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Figure 1. Color plots of temperature evolution of short-range CDW or charge fluctuations XRD profiles along (upper panel) a* and (lower panel) c* directions of reciprocal lattice around the (1, 0, 18) Bragg peak.
Figure 1. Color plots of temperature evolution of short-range CDW or charge fluctuations XRD profiles along (upper panel) a* and (lower panel) c* directions of reciprocal lattice around the (1, 0, 18) Bragg peak.
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Figure 2. The short-range dynamic CDW-peak amplitude and coherence lengths as a function of the reduced temperature T/T* (a) along the a-axis (ξa) and (b) along the c-axis (ξc). T* = 240 K is the onset temperature for CDW in Hg1201. (c) Coherence volume, Vcoh, with the amplitude peak as a function of reduced temperature. The vertical dashed lines indicate the onset of reduced temperature for CDW where T = T*.
Figure 2. The short-range dynamic CDW-peak amplitude and coherence lengths as a function of the reduced temperature T/T* (a) along the a-axis (ξa) and (b) along the c-axis (ξc). T* = 240 K is the onset temperature for CDW in Hg1201. (c) Coherence volume, Vcoh, with the amplitude peak as a function of reduced temperature. The vertical dashed lines indicate the onset of reduced temperature for CDW where T = T*.
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Figure 3. (a) Coherence volume, Vcoh, as a function of the normalized CDW peak amplitude, A/Amax. The black line represents the fitting curve following the power-law Vcoh = C (A/Amax)−1. (b) Coherence volume, Vcoh, multiplied by CDW amplitude, A, and (c) Q-Ball = T Vcoh A, as a function of the reduced temperature T/T*, where T* = 240 K. The red line represents the theoretical modeling elaborated by Mukhin [90].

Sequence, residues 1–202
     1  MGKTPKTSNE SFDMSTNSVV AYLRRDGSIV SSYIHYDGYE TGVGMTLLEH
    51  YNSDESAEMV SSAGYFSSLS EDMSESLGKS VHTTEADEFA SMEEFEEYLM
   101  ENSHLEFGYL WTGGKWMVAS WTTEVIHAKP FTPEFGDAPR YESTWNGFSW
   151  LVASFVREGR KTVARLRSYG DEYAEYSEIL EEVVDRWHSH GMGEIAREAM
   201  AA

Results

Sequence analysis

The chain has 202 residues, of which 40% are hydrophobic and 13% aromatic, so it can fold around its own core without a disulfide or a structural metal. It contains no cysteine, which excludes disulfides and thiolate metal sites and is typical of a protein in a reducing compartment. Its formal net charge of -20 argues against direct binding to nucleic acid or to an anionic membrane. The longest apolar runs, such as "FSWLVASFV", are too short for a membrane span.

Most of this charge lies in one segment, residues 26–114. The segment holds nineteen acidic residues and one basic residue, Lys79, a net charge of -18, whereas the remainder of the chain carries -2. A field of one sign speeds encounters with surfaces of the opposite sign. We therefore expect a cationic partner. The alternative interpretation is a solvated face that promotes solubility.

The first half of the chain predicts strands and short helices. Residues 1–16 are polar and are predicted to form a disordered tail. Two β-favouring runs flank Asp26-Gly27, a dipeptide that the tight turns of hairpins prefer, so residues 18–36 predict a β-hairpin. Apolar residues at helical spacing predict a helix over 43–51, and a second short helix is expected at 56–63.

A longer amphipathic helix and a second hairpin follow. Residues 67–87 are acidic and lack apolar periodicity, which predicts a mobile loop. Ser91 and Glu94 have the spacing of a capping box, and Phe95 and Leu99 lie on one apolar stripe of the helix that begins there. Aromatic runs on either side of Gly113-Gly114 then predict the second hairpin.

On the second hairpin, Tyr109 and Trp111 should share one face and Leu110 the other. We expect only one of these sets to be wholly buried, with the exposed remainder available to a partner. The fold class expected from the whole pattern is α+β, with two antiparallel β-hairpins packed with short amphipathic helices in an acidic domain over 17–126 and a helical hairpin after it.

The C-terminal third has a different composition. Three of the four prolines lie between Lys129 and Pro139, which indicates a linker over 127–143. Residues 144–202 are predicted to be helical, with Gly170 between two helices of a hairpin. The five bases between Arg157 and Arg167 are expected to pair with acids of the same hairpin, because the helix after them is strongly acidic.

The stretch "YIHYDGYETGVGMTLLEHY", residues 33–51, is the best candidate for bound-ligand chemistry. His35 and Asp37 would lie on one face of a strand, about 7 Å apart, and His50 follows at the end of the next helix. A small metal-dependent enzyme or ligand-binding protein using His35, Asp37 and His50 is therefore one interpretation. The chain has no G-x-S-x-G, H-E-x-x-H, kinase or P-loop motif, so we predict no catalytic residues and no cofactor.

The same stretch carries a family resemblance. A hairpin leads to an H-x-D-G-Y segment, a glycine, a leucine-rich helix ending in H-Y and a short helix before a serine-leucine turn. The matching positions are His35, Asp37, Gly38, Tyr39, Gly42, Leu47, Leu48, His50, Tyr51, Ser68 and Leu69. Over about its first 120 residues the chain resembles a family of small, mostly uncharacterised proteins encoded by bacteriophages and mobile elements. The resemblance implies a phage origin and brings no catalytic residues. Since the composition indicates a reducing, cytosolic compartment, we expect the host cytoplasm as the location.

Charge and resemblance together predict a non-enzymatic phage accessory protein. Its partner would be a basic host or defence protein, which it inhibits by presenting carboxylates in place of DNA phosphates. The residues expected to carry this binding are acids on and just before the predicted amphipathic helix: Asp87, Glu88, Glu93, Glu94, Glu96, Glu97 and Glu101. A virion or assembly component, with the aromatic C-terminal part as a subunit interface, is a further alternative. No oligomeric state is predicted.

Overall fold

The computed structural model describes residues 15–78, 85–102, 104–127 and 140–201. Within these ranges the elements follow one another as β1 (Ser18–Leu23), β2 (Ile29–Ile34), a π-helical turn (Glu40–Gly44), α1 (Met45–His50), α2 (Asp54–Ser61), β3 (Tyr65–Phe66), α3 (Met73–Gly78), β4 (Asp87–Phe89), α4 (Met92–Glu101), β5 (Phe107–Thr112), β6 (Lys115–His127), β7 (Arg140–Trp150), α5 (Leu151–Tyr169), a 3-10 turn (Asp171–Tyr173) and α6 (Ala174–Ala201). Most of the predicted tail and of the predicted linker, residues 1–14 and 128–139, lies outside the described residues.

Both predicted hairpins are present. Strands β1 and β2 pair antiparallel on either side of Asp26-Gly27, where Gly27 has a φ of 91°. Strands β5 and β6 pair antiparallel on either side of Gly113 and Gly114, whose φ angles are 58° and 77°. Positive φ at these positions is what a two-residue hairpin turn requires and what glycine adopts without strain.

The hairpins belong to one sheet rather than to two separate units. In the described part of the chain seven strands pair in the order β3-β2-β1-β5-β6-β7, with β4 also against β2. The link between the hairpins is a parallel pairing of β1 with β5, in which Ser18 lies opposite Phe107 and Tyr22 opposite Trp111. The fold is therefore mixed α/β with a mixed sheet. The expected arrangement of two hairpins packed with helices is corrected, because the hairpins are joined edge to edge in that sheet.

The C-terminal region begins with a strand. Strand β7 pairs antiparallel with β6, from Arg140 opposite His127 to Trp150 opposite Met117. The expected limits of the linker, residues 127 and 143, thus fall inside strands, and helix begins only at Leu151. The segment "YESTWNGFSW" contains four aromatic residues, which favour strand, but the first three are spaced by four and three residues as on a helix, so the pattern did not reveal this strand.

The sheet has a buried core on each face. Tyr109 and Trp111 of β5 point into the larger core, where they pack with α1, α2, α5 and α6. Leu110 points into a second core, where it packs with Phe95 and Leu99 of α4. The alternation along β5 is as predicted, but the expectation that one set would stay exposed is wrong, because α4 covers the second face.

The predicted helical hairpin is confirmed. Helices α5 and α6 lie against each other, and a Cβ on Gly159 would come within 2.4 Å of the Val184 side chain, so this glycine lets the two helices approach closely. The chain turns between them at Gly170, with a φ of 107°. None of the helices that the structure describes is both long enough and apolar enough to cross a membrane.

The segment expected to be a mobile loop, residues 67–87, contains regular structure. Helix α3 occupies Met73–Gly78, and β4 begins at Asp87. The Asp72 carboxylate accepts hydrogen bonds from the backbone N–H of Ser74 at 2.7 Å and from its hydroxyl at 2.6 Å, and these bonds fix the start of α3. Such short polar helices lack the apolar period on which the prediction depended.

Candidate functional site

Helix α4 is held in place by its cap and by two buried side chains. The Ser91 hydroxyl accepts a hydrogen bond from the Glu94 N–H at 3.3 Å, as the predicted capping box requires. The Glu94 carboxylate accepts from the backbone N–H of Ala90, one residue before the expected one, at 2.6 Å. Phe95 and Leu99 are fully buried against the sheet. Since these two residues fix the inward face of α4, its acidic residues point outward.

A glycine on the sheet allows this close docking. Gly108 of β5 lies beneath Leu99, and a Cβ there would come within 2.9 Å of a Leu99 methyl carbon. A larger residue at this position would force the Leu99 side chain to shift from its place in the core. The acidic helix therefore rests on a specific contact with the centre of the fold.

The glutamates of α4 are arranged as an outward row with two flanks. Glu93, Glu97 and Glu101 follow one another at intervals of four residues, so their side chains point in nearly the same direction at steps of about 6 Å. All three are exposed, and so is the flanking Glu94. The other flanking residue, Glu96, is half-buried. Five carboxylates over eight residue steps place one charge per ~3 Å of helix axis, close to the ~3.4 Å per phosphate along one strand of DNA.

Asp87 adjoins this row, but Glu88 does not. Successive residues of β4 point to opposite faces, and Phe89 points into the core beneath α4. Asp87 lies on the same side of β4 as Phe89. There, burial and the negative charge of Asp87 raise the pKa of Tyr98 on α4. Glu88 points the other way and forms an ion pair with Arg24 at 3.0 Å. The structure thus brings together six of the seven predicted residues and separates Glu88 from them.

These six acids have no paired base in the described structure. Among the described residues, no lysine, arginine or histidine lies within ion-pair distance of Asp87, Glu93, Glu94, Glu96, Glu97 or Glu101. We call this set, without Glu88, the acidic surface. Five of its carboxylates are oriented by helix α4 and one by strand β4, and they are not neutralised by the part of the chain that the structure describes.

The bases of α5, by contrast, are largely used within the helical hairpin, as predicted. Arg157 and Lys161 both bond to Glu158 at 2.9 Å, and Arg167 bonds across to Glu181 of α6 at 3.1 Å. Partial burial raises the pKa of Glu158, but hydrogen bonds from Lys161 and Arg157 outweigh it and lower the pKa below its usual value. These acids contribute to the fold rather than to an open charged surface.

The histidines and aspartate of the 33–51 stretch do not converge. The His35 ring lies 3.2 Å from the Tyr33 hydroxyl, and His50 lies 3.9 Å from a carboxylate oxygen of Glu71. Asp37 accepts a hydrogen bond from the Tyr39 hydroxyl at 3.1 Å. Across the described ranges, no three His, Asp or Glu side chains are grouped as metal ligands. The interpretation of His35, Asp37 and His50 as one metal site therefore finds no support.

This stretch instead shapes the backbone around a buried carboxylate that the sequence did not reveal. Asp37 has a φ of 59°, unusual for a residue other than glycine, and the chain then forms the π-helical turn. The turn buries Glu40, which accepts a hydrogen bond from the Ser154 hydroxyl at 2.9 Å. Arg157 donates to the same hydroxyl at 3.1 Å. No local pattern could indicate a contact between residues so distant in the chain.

Figure 3. (a) Coherence volume, Vcoh, as a function of the normalized CDW peak amplitude, A/Amax. The black line represents the fitting curve following the power-law Vcoh = C (A/Amax)−1. (b) Coherence volume, Vcoh, multiplied by CDW amplitude, A, and (c) Q-Ball = T Vcoh A, as a function of the reduced temperature T/T*, where T* = 240 K. The red line represents the theoretical modeling elaborated by Mukhin [90].
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Campi, G.; Barba, L.; Zhigadlo, N.D.; Ivanov, A.A.; Menushenkov, A.P.; Bianconi, A. Q-Balls in the Pseudogap Phase of Superconducting HgBa2CuO4+y. Condens. Matter 2023, 8, 15.

AMA Style

Campi G, Barba L, Zhigadlo ND, Ivanov AA, Menushenkov AP, Bianconi A. Q-Balls in the Pseudogap Phase of Superconducting HgBa2CuO4+y. Condensed Matter. 2023; 8(1):15.

Chicago/Turabian Style

Campi, Gaetano, Luisa Barba, Nikolai D. Zhigadlo, Andrey A. Ivanov, Alexey P. Menushenkov, and Antonio Bianconi. 2023. "Q-Balls in the Pseudogap Phase of Superconducting HgBa2CuO4+y" Condensed Matter 8, no. 1: 15.